Many have predicted that in the not-too-distant future books as we know them will cease to exist. Technology, they shout, will render books as useless as the beeper or the Walkman or the Segway. We can just read books on our laptops or our Kindles, or on our super fancy-shmancy phone thingamajigs, they say. Who needs to carry a cumbersome old book around? We have computers now, and computers do everything. I can fit hundreds of books in my fancy gadgets. Save the trees! Old books smell weird! The words are too small! They say a lot of things, these possibly well-meaning folks who want to ruin a passion of mine. But isn’t there room for your Kindles and your computers and your fancy phone thingamajigs and regular, old-fashioned books? But of course.
A great byproduct of books is, of course, bookstores. So much to see at a bookstore. So much to read. I love nothing more than wandering aimlessly inside a bookstore. Let me share my current experience, as it happens, for your reading pleasure.
I’m sitting in a large bookstore overlooking Union Square in San Francisco, sipping coffee, eating a pretzel with cream cheese, people watching and writing. This particular bookstore is mobbed, and it’s a strange, wonderful mix of people from all over the world, and from just down the street, like me. It’s nearly Christmas and everyone is scrambling for last minute gifts. What the hell does Aunt Edna Read? And what about Uncle Bob? The place is alive and vibrant, selling books and magazines and coffee to people who can’t get enough. People are pushing and shoving, fighting over the last copy of Augusten Burroughs’ new Christmas book with the Santa flasher on the cover.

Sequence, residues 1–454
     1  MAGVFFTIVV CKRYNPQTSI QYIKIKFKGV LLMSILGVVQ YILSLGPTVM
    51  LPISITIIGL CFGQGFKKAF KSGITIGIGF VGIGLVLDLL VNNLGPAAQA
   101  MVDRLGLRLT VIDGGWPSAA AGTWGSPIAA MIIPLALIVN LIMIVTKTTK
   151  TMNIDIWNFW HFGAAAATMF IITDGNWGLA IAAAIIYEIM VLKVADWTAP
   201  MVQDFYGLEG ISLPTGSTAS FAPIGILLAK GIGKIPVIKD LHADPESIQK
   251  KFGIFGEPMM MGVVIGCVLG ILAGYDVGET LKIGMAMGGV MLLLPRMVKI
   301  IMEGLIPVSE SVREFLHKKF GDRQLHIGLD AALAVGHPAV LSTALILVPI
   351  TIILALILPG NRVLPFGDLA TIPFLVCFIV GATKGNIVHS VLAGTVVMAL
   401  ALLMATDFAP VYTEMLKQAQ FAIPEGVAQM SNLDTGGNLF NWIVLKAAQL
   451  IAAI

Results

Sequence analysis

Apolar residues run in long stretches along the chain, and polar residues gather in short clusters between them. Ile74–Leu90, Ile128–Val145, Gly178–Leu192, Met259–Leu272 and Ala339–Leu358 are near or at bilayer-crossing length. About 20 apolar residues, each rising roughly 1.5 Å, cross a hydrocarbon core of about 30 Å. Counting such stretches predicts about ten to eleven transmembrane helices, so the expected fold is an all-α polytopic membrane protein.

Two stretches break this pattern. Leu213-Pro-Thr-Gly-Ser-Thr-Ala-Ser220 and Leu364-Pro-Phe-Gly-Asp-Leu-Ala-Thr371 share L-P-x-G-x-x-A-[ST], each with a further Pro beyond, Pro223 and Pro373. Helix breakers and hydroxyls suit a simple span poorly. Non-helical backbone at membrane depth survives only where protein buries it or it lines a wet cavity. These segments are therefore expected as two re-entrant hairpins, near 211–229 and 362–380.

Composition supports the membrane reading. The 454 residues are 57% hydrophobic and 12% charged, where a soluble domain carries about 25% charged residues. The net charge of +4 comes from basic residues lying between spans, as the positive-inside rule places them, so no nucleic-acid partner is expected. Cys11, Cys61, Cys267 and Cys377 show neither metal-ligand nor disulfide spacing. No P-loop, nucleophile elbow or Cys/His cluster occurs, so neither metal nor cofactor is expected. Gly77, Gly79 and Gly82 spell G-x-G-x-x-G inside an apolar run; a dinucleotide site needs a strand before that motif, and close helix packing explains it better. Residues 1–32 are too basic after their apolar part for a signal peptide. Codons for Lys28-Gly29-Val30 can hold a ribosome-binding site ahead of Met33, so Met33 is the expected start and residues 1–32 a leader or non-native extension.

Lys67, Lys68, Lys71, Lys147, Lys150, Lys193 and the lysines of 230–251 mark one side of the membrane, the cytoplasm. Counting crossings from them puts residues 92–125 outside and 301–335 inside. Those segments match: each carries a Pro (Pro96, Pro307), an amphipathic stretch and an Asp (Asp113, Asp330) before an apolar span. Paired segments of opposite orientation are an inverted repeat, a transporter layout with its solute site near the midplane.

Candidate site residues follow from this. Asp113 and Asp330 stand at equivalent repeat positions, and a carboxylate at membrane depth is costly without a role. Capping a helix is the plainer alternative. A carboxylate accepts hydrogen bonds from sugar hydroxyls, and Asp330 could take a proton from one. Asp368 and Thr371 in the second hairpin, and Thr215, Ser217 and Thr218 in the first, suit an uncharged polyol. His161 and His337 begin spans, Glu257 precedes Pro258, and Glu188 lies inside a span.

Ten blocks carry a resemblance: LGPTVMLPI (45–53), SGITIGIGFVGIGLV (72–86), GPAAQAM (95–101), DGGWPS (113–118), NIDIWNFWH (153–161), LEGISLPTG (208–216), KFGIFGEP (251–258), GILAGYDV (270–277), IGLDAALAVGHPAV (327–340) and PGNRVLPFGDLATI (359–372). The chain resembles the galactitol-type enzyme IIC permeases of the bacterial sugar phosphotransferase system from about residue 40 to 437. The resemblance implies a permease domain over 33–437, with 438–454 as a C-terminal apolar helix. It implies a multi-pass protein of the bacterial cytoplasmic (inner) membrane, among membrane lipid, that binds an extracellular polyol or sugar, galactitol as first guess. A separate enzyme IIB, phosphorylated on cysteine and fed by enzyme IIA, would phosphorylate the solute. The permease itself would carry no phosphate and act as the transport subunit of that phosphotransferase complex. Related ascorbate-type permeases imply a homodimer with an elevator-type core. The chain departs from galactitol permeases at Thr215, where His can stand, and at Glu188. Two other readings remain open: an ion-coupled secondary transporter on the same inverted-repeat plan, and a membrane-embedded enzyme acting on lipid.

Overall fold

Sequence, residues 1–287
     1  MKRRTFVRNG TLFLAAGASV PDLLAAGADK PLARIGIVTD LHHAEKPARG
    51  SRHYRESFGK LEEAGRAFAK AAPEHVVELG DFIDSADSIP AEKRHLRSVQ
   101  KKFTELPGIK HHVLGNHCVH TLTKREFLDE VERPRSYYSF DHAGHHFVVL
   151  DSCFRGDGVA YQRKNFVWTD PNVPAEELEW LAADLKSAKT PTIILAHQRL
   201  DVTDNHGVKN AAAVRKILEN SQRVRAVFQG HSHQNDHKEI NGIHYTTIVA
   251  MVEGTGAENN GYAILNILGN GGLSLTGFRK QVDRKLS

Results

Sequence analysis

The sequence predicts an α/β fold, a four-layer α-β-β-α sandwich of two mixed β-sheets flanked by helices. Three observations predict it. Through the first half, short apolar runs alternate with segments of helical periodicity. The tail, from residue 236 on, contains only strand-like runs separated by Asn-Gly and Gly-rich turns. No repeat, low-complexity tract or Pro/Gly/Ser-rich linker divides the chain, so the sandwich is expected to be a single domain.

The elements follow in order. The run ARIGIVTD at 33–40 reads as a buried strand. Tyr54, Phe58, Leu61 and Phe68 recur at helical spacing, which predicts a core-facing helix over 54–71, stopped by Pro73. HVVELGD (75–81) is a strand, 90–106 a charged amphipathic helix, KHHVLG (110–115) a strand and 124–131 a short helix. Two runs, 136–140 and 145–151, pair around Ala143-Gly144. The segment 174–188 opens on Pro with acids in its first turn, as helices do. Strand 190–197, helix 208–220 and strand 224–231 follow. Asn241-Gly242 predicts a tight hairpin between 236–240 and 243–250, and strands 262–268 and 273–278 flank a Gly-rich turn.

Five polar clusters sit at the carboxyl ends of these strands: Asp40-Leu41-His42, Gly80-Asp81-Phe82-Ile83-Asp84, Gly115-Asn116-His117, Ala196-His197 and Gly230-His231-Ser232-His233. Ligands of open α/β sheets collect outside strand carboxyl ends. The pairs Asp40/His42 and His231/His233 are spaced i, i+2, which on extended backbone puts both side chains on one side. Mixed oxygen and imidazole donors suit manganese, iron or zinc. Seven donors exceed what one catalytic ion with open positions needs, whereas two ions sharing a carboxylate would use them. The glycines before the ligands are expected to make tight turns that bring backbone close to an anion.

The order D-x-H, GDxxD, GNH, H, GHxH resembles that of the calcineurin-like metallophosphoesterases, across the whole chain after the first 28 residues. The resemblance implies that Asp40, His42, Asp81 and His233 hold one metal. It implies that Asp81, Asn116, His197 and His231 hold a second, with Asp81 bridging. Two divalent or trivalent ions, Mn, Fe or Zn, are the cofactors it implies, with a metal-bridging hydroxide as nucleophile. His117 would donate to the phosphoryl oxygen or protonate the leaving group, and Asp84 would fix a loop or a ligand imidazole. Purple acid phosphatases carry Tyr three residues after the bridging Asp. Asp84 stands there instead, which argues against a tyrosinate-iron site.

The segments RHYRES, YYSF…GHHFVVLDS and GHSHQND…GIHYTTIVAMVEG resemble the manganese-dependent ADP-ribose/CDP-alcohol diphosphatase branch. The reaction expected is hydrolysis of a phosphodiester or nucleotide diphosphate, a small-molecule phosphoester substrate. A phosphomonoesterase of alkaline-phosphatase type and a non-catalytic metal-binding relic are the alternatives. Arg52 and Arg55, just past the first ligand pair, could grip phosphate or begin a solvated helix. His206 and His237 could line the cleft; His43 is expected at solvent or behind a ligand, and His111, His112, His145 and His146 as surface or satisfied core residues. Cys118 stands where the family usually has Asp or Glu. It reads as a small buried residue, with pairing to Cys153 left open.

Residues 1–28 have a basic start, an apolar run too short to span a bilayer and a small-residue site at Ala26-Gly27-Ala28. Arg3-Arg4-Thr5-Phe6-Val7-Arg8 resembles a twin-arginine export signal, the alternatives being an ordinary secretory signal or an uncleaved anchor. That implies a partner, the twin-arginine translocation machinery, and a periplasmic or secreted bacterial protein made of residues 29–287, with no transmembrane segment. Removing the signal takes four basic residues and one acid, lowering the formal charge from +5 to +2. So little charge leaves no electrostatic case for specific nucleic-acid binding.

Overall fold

I look around, I smile.
A woman scrambles past me, a child in one hand, a new edition of Where the Wild Things Are in the other. A man with a wild mustache stares at the cartoonish cover of A Confederacy of Dunces, not quite sure what to make of it, yet intrigued all the same. The Book of Genesis Illustrated by R. Crumb rests crookedly on an empty table, left behind by a read-and-runner. A young kid with purple hair and a jet black computer watches Lady Gaga videos on YouTube while sharing a table with an older woman in jeans and a neon green sweater who’s reading Miss Marple: The Complete Short Stories by Agatha Christie. A woman who plays the violin in front of the store every day has come in from the cold for a few minutes, to warm her fingers while counting her accumulated change. A group of college kids speaking a little too loudly discuss the horror film they’re planning to make that will be “like Paranormal Activity but way, way more scary and good and totally kick-ass!” The woman at the table in front of me breastfeeds her daughter, while her husband silently scans the pages of the newest David Sedaris book.
A poster hangs on the wall promoting the upcoming in-store appearance by porn star Tera Patrick, who’ll be signing her new book: Sinner Takes All: A Memoir of Love, Marriage, and Porn. I glance through the window and stare out at Union Square’s giant Christmas Tree. People are ice skating and I hear the faintest echoes of holiday music. Macy’s has glowing wreaths in every window. I look away from the window as a large man bumps my table, nearly spilling his 4 dollar gingerbread latte.
I glance over at the nearby business section, and notice a pretty young girl talking on her cell phone, her boots exceedingly fashionable, her stockings dark, her smile big, and I imagine that she’s not thinking about business at all; I imagine she’s thinking about some sweet romantic encounter she’s either just had or is about to have. A middle-aged, sharply-dressed woman leafs through a copy of Push by Saffire, tears in her eyes, as she waits for a table. Many people are waiting for tables, eyeing me as I type and probably wondering when I’m going to finish whatever silliness I’m working on. Maybe I should get up and browse. So many books to read, so little time. I type my last words. It’s someone else’s turn.